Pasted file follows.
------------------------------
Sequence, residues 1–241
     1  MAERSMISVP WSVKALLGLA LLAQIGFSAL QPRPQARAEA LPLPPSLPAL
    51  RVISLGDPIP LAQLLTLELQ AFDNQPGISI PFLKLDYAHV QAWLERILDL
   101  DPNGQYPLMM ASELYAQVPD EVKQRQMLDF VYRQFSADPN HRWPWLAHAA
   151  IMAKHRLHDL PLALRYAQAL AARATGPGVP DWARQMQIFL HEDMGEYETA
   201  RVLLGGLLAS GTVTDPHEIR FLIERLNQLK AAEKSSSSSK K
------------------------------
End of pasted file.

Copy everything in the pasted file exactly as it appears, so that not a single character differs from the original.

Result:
Sequence, residues 1–241
     1  MAERSMISVP WSVKALLGLA LLAQIGFSAL QPRPQARAEA LPLPPSLPAL
    51  RVISLGDPIP LAQLLTLELQ AFDNQPGISI PFLKLDYAHV QAWLERILDL
   101  DPNGQYPLMM ASELYAQVPD EVKQRQMLDF VYRQFSADPN HRWPWLAHAA
   151  IMAKHRLHDL PLALRYAQAL AARATGPGVP DWARQMQIFL HEDMGEYETA
   201  RVLLGGLLAS GTVTDPHEIR FLIERLNQLK AAEKSSSSSK K